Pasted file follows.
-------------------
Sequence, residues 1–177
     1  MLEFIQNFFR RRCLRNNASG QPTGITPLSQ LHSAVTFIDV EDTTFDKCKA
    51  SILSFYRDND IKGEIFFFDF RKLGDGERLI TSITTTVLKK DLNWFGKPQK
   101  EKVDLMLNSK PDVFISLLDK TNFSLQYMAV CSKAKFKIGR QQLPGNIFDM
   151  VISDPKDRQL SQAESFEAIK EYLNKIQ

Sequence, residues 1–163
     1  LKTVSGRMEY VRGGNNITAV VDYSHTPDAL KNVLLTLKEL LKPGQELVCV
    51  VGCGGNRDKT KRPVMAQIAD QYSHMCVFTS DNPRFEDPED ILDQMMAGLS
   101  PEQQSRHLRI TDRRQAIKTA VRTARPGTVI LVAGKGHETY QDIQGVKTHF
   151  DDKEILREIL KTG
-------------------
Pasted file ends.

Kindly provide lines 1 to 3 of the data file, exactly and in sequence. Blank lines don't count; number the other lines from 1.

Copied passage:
Sequence, residues 1–177
     1  MLEFIQNFFR RRCLRNNASG QPTGITPLSQ LHSAVTFIDV EDTTFDKCKA
    51  SILSFYRDND IKGEIFFFDF RKLGDGERLI TSITTTVLKK DLNWFGKPQK